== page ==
Since 2006, Victoria Police has been gradually introducing direct-entry capabilities for LEAP and upgrading the supporting infrastructure to keep the system operating while it determines its future plans for incident recording. In its 2015–16 annual report, Victoria Police indicated that these updates have given LEAP up to seven years' extra life, extending its use for 12 years, until 2027–28.

LEDR is one of the systems introduced to improve LEAP's capability. Members can use LEDR—a front-end web-based portal that interfaces with LEAP—to enter information and submit certain reports into LEAP. LEDR also introduced additional input controls on some data fields, more than were present in LEAP alone.

LEDR Mk2, the latest version rolled out in 2015, enables members to create initial reports for all incident types. However, some key limitations remain—we discuss these in Part 2.

Figure 1B outlines the current collection processes for crime data.

Figure 1B
Crime data collection processes

Figure 1B outlines the current collection processes for crime data.

Source: VAGO based on information provided by Victoria Police.

Reporting on performance

BP3 performance measures

Victoria Police has performance measures relating to crime data in BP3. These measure rates of different types of crime, success in prosecution of crimes and the timeliness of crime recording.

The External Reporting team at Victoria Police manages the process for determining BP3 performance outcomes, which are published in Victoria Police annual reports. CSA assists in this process by providing Victoria Police with the counts of crime by category, but it is up to Victoria Police to determine the final performance outcomes for inclusion in BP3 and annual reports. Figure 1C shows Victoria Police performance measures related to crime data for each offence division. Appendix B provides more information on BP3 performance measures.

Figure 1C
BP3 performance measures related to crime data

Performance measure

Unit of measure

2017–18 target

Quantity

Crimes against property—excluding crime related to family violence (rate per 100 000 population)

number

<5 100

Crimes against property—crime related to family violence (rate per 100 000 population)

number

>150

Crimes against the person—excluding crime related to family violence (rate per 100 000 population)

number

<660

Crimes against the person—crime related to family violence (rate per 100 000 population)

number

>590

Timeliness

Proportion of crimes against the person resolved within 30 days

per cent

>42

Proportion of property crime resolved within 30 days

per cent

>22

Source: VAGO based on Victorian Government Budget Papers, 2017–18.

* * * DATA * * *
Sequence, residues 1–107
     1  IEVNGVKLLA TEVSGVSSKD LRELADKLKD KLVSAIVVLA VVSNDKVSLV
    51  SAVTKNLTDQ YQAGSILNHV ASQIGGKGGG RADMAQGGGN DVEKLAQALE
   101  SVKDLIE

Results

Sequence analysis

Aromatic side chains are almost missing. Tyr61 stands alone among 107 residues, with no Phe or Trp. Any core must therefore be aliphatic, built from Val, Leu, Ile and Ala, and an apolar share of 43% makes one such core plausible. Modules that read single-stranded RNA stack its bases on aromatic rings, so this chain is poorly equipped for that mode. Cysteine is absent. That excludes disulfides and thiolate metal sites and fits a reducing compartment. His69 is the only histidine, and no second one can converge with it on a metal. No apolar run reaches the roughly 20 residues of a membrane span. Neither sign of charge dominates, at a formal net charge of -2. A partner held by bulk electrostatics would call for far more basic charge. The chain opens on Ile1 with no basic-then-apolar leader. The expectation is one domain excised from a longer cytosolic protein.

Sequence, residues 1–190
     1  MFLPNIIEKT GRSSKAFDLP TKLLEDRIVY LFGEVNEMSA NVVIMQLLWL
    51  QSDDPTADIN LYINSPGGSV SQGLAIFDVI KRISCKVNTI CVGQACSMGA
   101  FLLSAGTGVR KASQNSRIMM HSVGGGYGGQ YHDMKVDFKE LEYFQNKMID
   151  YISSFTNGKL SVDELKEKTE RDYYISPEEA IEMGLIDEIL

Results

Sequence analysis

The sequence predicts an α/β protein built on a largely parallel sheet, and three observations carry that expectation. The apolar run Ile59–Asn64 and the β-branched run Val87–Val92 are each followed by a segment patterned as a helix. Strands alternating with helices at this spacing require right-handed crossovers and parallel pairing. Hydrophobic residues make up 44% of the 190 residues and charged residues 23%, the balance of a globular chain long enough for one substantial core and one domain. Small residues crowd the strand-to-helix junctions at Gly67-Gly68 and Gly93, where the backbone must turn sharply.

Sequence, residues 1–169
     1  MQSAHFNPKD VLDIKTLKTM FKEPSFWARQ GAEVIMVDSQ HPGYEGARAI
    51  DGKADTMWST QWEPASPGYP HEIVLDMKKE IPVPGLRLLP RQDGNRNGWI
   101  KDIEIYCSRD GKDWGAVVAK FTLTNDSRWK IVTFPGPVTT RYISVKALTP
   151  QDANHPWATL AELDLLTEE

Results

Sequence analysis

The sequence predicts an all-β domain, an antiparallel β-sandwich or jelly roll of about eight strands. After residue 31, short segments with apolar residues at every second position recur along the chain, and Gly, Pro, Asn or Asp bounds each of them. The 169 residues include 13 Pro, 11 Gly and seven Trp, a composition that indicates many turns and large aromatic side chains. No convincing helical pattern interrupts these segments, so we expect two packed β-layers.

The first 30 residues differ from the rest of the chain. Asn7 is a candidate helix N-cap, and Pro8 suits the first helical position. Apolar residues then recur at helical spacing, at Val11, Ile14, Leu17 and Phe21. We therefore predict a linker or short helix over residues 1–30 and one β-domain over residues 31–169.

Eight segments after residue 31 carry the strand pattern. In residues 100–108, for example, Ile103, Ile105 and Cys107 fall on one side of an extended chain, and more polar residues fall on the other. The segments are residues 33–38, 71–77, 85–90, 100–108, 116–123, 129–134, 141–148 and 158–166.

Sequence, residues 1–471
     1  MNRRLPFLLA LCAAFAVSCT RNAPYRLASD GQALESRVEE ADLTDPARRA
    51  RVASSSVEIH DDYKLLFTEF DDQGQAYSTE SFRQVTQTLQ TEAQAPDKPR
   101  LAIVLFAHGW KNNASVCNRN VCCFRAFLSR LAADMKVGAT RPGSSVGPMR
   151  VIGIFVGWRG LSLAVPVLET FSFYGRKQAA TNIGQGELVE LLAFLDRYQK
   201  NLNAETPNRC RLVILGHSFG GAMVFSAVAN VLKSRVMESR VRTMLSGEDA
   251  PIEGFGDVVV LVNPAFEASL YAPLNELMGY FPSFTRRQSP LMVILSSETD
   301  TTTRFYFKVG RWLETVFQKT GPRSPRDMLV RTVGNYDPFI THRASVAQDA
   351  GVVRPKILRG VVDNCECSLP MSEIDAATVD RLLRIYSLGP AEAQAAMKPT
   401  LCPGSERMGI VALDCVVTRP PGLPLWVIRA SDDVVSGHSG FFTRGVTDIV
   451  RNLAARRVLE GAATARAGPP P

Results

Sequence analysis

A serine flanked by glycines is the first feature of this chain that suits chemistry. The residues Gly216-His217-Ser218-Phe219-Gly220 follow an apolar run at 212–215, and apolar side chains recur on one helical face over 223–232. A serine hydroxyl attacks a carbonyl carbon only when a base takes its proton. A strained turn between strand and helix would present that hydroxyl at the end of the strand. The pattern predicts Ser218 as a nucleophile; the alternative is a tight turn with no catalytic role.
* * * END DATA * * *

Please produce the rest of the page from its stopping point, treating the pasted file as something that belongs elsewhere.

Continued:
Victoria Police management reporting

CSU analyses large volumes of data, including data relating to crime, for internal management monitoring and reporting. CSU also manages the process for extracting crime data from LEAP to provide to CSA. CSA uses this data for its quarterly analysis and publication of crime statistics to the community.

Quality assurance

The quality assurance framework for crime data includes three levels of review:

  • Sergeants are responsible for performing quality checks of LEDR Mk2 and LEAP reports to ensure that the stated information is accurate and complete before approving them.
  • DQU within RSD performs data quality and cleansing work.
  • RSD's data entry staff also conduct some data quality checks and error fixing, particularly in relation to logic errors and contradictions between selected data fields within the records.

Regional audit teams conduct audits at stations within their regions to ensure they are complying with VPM requirements.

1.3 Agency roles

Department of Justice and Regulation

DJR uses crime statistics to develop advice for government. It also uses them for research and developing strategies and policies for policing and the broader justice sector.

DJR is responsible for submitting Budget bids for funding on behalf of Victoria Police and for monitoring its performance against BP3 output measures.

Crime Statistics Agency

The Victorian Government established CSA under the Crime Statistics Act 2014. CSA sits within DJR and is responsible for processing, analysing and publishing Victorian crime statistics.

CSA's strategic objectives are to:

  • improve the accessibility of crime statistics for all Victorians
  • strengthen the integrity and quality of recorded crime data and instil public confidence in crime statistics
  • build an evidence base to support decision-making and policy development
  • provide tools that improve the statistical literacy of stakeholders and clients, including data users and commentators.